Spanish-born Lucía Recalde Langarica has been named successor to Xavier Troussard as head of the MEDIA sub-programme for Creative Europe.

Michel Magnier, director of culture and creativity at the European Commission’s DG Education and Culture (EAC), confirmed to ScreenDaily that Recalde Langarica will take up her post on September 1.

Until now, she has been the head of unit for Higher Education, Innovation and Entrepreneurship at DG EAC in Brussels. Joining the Commission in 1995, she spent ten years at the DG Employment, Social Affairs and Inclusion dealing, inter alia, with the European Social Fund and the implementation of the European Employment Strategy.

In 2006, she joined and later became head of the European Institute of Technology (EIT), the first EU initiative to fully integrate all three sides of the Knowledge Triangle (higher education, research and business).

In another personnel change, MEDIA policy officer Irina Orssich, who was responsible for the design and implementation of the MEDIA Mundus initiative, has moved within the Commission to the F.4 Unit (Knowledge Base) at DG Connect.

Costa to chair Parliament’s Culture Committee

Meanwhile, Italian MEP Silvia Costa has been appointed as Doris Pack’s successor to the Chair of the European Parliament’s (EP) Committee on Culture and Education (CULT).

In 2012, Costa was responsible as rapporteur for drafting the committee’s report on a proposal for the establishment of the Creative Europe programme.

She has now prepared a draft opinion for the EP’s Committee on Budgets on the EU’s 2015 budget considering it “regrettable” that the European Commission has proposed a lower level of so-called commitment appropriations for Creative Europe than in 2014 “despite its important role is supporting the cultural and creative industries”.

A working document on the annual budgetary procedure in the CULT Committee explains that, in the EU Draft Budget  for 2014, the Commission had proposed commitments of €164.2m for the programme’s operational expenditure, a sum that was increased by €2m  by the budgetary authority.

However, the Draft Budget for next year sees the Commission arguing for an allocation of €163.3m, 1.75% less than in 2014.

Costa’s draft opinion will be submitted for discussion at today’s (July 22) first CULT Committee meeting in the new parliamentary term.

Commission tries to allay TTIP fears

As the EU and the US began its sixth round of negotiations for the Transatlantic Trade and Investment Partnership (TTIP) last week, the Commission made another attempt to allay fears throughout Europe – and especially in France and Germany – on the potential impact of TTIP on the cultural sectors.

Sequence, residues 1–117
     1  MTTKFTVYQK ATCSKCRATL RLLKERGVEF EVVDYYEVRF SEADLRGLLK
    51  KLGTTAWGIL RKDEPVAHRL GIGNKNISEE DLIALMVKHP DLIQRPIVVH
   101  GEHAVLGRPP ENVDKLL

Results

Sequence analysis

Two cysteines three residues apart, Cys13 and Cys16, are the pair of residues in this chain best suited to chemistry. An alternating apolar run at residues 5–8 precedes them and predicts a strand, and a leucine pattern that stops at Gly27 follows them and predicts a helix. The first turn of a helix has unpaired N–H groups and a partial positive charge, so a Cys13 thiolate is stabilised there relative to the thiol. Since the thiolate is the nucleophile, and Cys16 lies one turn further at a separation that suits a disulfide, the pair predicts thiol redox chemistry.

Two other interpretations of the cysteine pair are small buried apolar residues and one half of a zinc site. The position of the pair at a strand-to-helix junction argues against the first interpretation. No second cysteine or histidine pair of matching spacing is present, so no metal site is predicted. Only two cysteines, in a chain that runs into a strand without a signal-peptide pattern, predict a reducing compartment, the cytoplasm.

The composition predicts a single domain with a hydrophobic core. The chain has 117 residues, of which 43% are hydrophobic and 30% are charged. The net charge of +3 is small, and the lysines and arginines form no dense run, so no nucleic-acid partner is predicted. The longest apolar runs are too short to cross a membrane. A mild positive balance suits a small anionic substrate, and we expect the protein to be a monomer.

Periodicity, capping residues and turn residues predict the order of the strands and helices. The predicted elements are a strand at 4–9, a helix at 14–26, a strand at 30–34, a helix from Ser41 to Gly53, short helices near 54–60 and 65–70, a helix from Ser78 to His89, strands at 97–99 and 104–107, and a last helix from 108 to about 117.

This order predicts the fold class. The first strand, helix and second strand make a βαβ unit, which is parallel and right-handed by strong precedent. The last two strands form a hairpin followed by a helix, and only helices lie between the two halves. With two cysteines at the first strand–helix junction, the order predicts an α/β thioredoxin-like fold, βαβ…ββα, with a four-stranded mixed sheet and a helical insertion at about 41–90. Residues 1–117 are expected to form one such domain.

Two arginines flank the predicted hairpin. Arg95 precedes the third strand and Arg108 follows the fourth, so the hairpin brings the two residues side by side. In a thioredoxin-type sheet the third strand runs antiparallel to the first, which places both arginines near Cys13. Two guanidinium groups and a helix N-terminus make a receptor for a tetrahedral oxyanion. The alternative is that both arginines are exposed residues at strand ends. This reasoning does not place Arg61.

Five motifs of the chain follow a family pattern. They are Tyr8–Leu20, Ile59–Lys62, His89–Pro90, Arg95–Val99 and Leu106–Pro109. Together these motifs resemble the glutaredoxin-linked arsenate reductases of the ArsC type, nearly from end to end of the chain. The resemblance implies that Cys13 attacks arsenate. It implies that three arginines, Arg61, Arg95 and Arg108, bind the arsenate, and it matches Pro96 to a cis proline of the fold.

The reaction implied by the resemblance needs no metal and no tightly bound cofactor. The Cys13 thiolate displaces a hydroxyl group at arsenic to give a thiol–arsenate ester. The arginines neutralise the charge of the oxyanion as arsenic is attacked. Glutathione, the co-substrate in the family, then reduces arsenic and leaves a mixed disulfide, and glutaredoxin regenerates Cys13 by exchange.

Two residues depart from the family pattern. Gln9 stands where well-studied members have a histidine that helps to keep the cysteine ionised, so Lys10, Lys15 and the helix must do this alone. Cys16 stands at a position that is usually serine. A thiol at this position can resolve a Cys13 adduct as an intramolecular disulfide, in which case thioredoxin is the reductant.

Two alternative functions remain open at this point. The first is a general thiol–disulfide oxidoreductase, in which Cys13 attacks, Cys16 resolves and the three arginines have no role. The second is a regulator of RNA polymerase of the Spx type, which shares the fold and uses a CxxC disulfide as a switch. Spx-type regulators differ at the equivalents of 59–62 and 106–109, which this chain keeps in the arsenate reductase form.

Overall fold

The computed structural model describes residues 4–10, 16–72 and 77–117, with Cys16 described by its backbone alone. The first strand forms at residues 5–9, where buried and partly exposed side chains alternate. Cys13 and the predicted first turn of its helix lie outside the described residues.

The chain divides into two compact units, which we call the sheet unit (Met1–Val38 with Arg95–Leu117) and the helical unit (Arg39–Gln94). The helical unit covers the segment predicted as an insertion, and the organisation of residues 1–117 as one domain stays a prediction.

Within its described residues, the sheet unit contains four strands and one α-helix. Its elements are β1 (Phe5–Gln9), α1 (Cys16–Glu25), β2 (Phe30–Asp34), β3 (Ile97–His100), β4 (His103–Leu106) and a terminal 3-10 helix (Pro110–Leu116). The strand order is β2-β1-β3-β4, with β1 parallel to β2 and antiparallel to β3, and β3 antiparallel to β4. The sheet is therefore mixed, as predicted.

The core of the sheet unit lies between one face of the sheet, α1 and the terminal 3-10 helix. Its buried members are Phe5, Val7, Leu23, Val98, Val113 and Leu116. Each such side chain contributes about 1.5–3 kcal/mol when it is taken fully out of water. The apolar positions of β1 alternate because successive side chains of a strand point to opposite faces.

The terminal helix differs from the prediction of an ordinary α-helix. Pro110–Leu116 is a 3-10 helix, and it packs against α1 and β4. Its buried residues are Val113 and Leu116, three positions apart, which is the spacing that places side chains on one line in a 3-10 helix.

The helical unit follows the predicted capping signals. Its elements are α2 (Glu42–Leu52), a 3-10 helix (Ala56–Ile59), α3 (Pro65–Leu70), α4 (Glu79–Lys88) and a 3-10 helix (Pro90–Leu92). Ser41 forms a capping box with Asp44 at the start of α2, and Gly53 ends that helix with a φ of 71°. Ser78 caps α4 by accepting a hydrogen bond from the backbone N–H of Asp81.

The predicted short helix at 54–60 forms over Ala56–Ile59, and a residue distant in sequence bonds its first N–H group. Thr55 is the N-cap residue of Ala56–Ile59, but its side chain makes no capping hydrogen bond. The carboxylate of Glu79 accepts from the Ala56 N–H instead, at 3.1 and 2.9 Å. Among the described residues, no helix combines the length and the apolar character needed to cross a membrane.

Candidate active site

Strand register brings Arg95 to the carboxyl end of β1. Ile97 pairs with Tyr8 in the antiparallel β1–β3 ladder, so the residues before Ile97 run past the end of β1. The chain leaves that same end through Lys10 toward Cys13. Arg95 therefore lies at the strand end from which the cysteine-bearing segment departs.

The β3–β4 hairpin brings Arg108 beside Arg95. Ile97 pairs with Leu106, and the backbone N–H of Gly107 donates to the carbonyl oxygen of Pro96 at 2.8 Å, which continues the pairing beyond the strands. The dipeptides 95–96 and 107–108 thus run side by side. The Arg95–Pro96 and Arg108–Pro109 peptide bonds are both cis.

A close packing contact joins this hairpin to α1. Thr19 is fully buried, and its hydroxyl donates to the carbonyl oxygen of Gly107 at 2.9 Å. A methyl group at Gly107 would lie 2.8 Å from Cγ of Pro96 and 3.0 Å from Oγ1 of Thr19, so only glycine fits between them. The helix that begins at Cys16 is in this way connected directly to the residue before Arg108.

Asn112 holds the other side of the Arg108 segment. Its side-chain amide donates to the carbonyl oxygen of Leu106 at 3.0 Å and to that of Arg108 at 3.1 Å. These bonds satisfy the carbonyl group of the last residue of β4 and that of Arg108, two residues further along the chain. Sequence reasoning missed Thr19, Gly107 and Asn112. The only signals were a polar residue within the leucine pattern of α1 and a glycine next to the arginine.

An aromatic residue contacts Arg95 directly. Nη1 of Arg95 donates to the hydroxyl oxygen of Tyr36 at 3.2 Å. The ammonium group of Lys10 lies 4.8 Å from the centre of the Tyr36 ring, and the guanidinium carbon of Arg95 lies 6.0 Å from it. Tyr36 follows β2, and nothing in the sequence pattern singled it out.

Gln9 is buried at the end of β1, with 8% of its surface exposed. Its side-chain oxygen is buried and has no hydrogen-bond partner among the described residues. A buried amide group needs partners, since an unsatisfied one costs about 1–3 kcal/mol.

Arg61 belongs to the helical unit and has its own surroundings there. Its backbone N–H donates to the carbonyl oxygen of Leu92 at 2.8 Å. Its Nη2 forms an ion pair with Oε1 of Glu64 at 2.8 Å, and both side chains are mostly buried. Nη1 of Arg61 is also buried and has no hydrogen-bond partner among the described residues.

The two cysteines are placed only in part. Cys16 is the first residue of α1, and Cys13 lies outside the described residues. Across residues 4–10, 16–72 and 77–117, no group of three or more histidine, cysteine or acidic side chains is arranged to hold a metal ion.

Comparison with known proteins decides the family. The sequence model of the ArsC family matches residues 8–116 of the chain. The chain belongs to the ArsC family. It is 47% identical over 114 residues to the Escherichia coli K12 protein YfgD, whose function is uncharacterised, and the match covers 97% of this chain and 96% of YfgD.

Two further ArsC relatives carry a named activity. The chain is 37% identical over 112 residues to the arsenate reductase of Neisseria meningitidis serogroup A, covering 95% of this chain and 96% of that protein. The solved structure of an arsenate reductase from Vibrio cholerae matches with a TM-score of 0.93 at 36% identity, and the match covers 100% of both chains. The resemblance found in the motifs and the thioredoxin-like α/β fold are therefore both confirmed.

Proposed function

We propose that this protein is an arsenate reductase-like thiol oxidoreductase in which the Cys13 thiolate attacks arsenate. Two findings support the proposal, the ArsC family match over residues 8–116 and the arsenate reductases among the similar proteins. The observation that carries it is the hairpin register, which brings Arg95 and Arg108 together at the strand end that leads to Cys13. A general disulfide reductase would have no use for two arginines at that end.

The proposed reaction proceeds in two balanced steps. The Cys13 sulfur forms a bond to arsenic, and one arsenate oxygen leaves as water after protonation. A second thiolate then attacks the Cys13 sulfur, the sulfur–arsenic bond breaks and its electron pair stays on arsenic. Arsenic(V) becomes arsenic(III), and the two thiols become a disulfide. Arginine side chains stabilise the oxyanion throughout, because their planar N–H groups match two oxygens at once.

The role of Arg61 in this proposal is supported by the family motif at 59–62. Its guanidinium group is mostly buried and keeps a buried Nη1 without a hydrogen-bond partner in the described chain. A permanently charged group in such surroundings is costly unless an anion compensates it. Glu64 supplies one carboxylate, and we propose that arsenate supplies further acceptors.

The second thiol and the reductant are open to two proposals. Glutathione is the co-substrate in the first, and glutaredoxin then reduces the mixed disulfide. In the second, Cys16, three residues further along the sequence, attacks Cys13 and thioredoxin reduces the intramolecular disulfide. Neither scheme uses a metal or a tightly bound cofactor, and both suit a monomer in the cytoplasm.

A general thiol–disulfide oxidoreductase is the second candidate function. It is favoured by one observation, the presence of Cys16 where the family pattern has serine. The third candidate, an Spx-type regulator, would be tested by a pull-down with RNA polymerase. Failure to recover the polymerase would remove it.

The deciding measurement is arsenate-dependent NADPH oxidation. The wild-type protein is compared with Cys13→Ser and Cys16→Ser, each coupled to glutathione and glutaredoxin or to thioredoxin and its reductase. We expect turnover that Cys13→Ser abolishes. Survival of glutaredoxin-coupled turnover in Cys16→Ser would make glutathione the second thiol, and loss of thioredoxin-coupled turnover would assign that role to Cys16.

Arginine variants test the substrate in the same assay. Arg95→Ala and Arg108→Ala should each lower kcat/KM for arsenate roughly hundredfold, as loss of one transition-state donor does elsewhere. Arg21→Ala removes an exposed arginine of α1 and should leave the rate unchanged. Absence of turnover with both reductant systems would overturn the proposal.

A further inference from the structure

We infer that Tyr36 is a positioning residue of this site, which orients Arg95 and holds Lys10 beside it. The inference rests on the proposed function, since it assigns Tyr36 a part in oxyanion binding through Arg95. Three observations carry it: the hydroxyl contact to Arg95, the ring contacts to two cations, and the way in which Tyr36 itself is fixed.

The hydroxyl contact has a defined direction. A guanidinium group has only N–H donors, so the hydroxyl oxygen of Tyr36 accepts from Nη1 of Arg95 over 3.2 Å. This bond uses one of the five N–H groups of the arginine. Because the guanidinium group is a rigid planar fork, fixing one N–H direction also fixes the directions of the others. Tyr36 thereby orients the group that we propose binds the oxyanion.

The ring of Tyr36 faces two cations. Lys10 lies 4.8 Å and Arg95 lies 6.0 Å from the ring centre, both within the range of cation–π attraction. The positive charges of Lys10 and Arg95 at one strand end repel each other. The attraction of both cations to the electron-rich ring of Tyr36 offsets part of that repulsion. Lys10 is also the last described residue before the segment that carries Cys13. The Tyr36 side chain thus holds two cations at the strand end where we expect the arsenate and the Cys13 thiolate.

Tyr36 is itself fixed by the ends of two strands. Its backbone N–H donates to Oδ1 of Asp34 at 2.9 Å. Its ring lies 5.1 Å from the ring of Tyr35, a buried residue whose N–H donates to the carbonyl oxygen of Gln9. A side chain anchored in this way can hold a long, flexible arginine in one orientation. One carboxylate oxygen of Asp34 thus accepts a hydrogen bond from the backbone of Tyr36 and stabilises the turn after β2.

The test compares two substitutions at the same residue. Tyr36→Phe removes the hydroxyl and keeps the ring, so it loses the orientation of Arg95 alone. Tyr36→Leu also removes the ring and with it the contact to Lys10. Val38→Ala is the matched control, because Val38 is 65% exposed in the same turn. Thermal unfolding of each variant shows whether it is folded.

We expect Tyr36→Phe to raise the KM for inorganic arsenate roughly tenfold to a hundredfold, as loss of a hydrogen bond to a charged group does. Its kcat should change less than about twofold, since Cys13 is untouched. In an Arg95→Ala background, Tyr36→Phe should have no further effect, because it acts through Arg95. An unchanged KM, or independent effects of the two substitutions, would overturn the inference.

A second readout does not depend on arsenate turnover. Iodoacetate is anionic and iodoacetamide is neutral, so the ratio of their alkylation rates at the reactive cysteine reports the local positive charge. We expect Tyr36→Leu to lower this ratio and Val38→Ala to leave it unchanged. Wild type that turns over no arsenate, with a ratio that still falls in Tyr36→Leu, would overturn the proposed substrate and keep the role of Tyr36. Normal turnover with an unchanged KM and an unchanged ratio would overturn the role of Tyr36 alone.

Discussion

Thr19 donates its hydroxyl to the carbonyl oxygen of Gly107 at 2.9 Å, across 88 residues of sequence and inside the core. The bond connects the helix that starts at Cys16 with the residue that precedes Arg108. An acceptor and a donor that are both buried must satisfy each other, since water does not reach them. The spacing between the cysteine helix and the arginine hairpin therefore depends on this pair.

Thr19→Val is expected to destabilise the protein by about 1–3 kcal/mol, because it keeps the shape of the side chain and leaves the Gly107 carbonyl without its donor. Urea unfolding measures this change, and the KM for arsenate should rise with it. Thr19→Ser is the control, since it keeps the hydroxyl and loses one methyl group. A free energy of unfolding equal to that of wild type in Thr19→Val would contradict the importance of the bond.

“The TTIP negotiating mandate the EU Member States gave the European Commission expressly excluded the opening of the European audiovisual sector to competition from US firms,” a Commission background document stated.

“This means the Commission is not allowed to negotiate commitments in the sector and that TTIP will clearly exclude audiovisual services from any provisions granting access to EU markets.“

Turning to the issue of subsidies and culture, which is of particular interest to the European film industry, the document stressed that TTIP “will not affect the ability of the EU or EU Member States to provide financial support to cultural industries”.

“The only legal constraint is that the subsidy complies with EU rules on state aid. TTIP – like all previous trade agreements – will not have any effect on this. Claims that TTIP will limit subsidies to cultural activities are simply wrong.“

Earlier in the month, the European Commissioner for Trade Karel de Gucht told a business conference in Berlin that it was “out of the question” that TTIP will affect Germany’s rich cultural diversity or policies.

“Neither public support for theatres, operas, film production, or public radio and television, nor Germany’s system of fixed prices for books will be subject of negotiation in TTIP. These issues are simply not being discussed at all in TTIP,” he claimed.

“But when [Germany’s Econmic Affairs and Energy] Minister [Sigmar] Gabriel or my staff publicly say so, we are not heard. For example, when confronted with these assurances, the President of the Akademie der Künste, Mr Staeck openly says on German Television last Friday: ‘I do not trust them’. Let me ask him back: Can he mention a single EU free trade agreement of the past where we have put in danger public support for culture? Why frighten people when the facts speak for themselves?”